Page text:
For those homeowners who may not have the capital to buy another property at the moment, but are looking for an opportunity for extra income, an Accessory Dwelling Unit (ADU) might be a good option. But what is that, and how do you add one to your property? We’re here to help answer your questions!
What is an Accessory Dwelling Unit?
An ADU is a space on a property that already has a building where someone can live without sharing amenities with the other residents. They are typically found in a home’s basement, above the garage, or in a separate building on the same property, which are called Detached Accessory Dwelling Units for DADUs.
The key to identifying an ADU is whether the space is separate enough from the main property to allow a resident of that space relative privacy. This means that unit usually has its own entrance, kitchen, and bathroom. While the ADU may share a wall or yard with the main house, the idea is that the tenant can expect quiet enjoyment of their space without having to talk to the landlord all the time.
How do you add an ADU?
Adding an ADU to your property can be quite the task depending on your current set up. These questions will help you identify if your property already has the space for an ADU:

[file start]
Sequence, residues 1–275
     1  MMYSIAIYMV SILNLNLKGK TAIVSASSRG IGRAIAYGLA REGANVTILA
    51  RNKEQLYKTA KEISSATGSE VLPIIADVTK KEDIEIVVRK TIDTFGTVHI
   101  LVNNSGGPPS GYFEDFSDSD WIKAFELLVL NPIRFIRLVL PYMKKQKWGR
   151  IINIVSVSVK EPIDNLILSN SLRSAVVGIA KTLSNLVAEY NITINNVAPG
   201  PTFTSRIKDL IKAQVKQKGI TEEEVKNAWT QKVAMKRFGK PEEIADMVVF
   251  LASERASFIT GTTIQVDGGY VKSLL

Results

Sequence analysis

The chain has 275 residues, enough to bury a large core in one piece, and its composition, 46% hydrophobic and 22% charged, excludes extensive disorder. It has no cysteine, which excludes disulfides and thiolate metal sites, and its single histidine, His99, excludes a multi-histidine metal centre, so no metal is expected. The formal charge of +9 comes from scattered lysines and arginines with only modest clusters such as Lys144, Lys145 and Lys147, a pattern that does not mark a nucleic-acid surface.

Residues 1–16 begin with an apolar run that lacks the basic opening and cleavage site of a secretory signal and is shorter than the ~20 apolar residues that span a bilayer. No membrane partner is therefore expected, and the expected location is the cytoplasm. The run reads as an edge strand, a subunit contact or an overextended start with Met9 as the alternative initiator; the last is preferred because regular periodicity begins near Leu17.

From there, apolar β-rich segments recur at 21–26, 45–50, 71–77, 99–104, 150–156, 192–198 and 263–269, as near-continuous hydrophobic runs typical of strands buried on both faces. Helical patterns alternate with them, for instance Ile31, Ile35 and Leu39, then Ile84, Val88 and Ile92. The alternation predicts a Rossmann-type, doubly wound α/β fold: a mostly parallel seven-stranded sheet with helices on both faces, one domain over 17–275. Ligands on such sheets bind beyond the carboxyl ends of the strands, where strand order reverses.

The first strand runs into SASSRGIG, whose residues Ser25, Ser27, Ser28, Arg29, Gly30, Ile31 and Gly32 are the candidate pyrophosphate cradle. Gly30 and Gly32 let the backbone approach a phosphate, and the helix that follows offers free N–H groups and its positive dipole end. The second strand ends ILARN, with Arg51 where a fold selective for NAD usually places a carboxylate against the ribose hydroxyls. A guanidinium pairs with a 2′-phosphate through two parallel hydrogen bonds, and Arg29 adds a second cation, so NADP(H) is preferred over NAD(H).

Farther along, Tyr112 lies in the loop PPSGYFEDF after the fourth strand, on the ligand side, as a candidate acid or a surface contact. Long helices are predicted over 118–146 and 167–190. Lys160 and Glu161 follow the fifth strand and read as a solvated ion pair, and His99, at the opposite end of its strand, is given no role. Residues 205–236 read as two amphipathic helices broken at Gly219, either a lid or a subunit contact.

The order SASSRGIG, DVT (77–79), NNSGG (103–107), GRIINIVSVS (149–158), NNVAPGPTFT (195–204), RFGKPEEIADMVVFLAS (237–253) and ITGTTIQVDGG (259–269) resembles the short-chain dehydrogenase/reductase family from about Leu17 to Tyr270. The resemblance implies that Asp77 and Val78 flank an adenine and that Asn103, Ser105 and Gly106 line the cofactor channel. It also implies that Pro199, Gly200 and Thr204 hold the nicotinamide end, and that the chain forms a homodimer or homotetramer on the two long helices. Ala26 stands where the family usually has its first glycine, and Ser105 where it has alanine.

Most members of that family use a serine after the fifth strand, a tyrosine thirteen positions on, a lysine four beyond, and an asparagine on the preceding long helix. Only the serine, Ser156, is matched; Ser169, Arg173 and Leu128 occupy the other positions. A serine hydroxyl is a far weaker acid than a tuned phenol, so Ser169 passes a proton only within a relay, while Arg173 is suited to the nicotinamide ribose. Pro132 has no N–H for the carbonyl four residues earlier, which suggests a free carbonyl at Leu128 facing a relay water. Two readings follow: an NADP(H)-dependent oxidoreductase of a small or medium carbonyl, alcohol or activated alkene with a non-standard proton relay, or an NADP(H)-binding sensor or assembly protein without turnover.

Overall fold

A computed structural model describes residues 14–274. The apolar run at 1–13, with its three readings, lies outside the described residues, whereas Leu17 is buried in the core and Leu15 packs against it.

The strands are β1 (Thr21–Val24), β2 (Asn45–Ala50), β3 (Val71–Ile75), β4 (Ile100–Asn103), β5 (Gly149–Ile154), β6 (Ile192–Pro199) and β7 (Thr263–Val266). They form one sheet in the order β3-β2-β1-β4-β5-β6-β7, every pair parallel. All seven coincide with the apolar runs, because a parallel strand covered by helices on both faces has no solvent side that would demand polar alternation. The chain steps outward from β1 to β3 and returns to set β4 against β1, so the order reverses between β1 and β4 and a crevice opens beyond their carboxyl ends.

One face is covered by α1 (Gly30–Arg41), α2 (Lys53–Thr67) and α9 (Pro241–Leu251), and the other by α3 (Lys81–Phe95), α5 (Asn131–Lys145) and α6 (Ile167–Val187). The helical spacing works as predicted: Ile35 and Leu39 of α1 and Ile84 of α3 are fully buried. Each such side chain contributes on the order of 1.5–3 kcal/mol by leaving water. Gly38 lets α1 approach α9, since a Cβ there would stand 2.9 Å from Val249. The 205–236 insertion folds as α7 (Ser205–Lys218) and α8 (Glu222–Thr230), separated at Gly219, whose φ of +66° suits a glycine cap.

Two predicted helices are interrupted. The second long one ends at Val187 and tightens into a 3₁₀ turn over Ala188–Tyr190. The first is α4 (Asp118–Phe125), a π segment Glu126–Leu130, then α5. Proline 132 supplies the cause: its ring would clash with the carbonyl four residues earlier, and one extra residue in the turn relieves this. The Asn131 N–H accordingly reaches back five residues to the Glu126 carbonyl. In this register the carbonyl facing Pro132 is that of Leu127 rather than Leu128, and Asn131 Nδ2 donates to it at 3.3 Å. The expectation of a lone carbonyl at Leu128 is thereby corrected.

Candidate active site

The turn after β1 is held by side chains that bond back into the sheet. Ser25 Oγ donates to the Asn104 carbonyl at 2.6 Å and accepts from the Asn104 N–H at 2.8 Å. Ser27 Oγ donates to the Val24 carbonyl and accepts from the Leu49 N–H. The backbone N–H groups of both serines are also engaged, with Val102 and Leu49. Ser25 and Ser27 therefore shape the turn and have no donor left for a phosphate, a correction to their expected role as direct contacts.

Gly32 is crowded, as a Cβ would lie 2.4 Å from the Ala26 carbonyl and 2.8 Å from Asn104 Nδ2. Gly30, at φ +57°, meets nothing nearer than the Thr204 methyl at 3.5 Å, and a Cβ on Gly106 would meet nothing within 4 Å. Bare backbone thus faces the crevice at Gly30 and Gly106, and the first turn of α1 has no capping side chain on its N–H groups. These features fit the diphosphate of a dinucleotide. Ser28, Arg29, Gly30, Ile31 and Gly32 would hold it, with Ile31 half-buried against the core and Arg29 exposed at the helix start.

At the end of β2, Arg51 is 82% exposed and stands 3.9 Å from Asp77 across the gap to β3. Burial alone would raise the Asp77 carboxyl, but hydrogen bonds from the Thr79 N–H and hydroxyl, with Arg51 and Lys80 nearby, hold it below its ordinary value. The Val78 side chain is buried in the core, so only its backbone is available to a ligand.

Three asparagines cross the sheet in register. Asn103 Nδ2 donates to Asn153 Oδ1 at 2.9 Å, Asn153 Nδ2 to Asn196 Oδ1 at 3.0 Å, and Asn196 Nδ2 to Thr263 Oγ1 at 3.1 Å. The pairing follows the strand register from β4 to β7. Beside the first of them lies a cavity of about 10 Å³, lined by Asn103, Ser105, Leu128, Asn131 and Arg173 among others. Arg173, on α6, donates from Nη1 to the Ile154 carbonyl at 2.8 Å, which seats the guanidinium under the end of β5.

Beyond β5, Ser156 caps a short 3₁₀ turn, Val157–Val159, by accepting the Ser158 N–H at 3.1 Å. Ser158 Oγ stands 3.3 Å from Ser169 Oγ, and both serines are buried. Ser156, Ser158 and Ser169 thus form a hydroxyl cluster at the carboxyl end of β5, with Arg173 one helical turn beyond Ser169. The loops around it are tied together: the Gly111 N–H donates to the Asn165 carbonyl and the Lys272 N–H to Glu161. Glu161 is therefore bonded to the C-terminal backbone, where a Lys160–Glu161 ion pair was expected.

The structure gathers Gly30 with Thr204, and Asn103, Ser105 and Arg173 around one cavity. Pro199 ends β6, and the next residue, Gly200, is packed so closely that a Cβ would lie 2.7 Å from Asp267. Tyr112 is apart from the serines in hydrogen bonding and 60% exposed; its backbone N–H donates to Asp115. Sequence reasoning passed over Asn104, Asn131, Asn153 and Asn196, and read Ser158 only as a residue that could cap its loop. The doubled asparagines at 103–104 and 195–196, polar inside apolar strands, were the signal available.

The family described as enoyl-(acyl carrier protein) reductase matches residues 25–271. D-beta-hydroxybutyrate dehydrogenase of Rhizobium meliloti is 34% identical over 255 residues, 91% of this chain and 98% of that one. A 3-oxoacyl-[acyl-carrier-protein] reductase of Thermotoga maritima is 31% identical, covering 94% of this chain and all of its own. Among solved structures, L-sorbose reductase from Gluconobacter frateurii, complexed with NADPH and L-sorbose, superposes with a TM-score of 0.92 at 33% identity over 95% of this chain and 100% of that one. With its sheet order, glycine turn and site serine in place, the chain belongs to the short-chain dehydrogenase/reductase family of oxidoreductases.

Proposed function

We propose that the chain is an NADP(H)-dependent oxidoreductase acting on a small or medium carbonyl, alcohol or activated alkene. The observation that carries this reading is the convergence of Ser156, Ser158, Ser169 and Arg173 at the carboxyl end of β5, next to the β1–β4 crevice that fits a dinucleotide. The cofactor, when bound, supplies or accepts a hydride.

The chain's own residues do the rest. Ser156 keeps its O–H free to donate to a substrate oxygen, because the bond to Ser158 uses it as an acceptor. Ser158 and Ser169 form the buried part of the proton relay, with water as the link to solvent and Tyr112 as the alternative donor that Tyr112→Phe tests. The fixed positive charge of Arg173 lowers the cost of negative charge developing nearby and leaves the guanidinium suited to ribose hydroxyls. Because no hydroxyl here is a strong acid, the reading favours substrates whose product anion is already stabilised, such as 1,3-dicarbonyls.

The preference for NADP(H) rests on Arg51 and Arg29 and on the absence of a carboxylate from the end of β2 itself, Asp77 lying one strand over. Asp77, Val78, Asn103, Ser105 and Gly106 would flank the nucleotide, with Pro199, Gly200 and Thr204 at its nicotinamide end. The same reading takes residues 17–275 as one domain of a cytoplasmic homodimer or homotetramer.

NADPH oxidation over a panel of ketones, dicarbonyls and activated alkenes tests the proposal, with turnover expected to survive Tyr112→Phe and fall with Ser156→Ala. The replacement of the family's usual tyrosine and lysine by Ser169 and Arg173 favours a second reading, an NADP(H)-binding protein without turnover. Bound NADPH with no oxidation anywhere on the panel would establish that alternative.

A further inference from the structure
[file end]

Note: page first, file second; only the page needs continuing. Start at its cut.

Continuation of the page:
- Do you have any extra space where you could clear out your belongings? Potentially a basement or garage space? You might already have a good-sized shed, or enough lawn space to build one.
- Does that space have enough square footage for a relatively spacious living arrangement, including bathroom and kitchen?
- Does that space offer an opportunity for its own entrance?
- Does it have, or can you add egress?
- What other requirements does an ADU have in my area? Are these feasible here?
If you answered yes or had a feasible answer to those questions, it’s time to figure out what all needs to happen to make sure the space is ready for a resident.
Start putting together a plan to figure out what all needs to be added or taken away to be a reasonable living space. You might need to add a kitchen, or at least kitchenette, and maybe a bathroom.
Check your area’s permitting and requirements as you may need to add walls or windows. You also need to determine where the best place for the entrance is.
Start to map out the space and contact an insured contractor to help you manage the project.
When you’re ready for a tenant:
Talk to a local experienced property manager to help you search for and manage the space as a rental to increase your earnings by shortening vacancy time and handling rent collection, utilities, and maintenance issues.
If you’re in Seattle, our blog about recent legislation might be useful to you. Otherwise, we recommend talking with a local property manager, or looking up ADU programs online.